07 January 2013

Do I Say Something or Not?

Today was the first day of school after a 2 week break.  It was rough!  I wasn't ready, the kids didn't want to do much, and my kitties missed.  But I made it through...

Now, the one nice thing about living an hour away is the commute.  Yes, I know it eats up a lot of my free time, but it does give me the time to think about things or to listen to audio books.  

And today's thinking topic was: What do I say?  Or don't I say anything?

Often in a cat group, a question will come up and various people will answer it.  Sometimes the advice is good and sometimes the advice is not so good.  For example, in a non-cat group, someone asked about treating kidney problems.  The standard treatment is low-protein diets.  This is what most vets, not all, will say.  I know from personal experience, low-protein diets don't work and I feed my kidney cats raw diets with about 65% protein.  My cats seem to have few of the common side-effects so I'm convinced this approach is right, although it is not widely accepted.  So here's the problem:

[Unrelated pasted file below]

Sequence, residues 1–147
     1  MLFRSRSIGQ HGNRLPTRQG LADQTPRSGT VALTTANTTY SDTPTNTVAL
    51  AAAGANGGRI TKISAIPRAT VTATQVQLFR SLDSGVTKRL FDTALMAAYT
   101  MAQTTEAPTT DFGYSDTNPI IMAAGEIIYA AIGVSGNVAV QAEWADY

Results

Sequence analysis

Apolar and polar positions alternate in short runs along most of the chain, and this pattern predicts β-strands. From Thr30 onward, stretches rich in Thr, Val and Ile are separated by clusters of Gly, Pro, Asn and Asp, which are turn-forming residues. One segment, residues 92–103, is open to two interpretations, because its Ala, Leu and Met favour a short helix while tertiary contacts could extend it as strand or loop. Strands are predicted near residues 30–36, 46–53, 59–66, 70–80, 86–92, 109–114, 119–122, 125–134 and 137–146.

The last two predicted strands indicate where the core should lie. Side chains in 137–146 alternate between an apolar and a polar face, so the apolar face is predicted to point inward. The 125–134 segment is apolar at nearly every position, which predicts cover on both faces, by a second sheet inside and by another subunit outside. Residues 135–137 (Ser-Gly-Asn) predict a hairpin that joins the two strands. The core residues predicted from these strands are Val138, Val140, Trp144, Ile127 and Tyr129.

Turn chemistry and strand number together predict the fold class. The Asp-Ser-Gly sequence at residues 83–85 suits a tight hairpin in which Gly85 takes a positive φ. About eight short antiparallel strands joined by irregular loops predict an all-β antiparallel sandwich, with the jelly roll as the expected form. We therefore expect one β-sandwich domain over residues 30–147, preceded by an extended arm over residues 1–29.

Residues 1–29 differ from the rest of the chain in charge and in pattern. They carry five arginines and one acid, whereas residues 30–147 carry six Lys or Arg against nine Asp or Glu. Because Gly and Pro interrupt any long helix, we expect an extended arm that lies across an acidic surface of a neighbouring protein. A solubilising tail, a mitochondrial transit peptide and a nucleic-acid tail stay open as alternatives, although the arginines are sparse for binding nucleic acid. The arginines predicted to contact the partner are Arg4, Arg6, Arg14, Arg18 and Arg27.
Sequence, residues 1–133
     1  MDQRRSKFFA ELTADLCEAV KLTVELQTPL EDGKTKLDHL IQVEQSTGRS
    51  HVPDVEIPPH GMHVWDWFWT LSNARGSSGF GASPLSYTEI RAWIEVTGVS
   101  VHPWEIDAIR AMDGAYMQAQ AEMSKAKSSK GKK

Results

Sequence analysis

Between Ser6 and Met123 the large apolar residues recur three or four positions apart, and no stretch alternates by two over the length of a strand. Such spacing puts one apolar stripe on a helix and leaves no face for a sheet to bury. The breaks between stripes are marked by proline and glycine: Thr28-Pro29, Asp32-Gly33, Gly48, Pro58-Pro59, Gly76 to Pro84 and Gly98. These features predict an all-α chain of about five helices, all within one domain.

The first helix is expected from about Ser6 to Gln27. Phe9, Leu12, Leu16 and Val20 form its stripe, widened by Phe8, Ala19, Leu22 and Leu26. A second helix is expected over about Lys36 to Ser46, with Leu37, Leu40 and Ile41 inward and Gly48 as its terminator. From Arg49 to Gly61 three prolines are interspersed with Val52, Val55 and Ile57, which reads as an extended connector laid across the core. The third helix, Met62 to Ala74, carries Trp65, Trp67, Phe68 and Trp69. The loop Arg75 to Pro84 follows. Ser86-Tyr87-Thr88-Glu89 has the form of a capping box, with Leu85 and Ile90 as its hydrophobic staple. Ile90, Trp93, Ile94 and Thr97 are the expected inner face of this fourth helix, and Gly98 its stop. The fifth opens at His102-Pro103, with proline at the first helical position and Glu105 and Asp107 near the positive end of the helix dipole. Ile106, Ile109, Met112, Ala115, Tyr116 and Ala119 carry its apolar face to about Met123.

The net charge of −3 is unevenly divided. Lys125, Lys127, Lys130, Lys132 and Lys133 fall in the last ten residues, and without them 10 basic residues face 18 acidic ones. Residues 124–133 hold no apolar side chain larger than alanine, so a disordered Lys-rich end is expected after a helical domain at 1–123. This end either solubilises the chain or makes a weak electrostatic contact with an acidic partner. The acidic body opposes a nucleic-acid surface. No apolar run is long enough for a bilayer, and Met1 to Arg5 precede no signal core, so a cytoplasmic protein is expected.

• If I say something, some people may attack me.  True, alot depends on how I phrase my reply, because I do tend to say things without thinking.  This leads people to feel attacked (understandable to some degree), it really is only my bluntness.  I don't have a lot of time to write, edit, think, re-edit.  And even when I do that, my posts sometimes are misunderstood.  I have never figured it out.
  • If I don't say anything, the cat may be hurt.  If a person knows something that might save someone from pain or even death, there is a moral obligation to say something.  This should extend to a cat.
Do I say something or not?
How do I say something that is effective and not off-putting?
When shouldn't I say something?

These are questions that I struggle with and to which I have no answer.


Barbara said...

Do say something, but not in any alarmist way. Calmly explain your experience/solution and perhaps give links for further information on the topic. Avoid telling people that they are wrong because it only gets their backs up. They want to know they are doing the best things possible for their cat. Just tell them what you believe to be true and let them make up their own minds. It is healthy to remember that each of us is wrong sometimes -- even when we believe ourselves to be on solid ground.

L.M. Hornberger said...

Thanks for the advice! In theory I know and agree with it -- it's the execution that I have problems with. But I will try.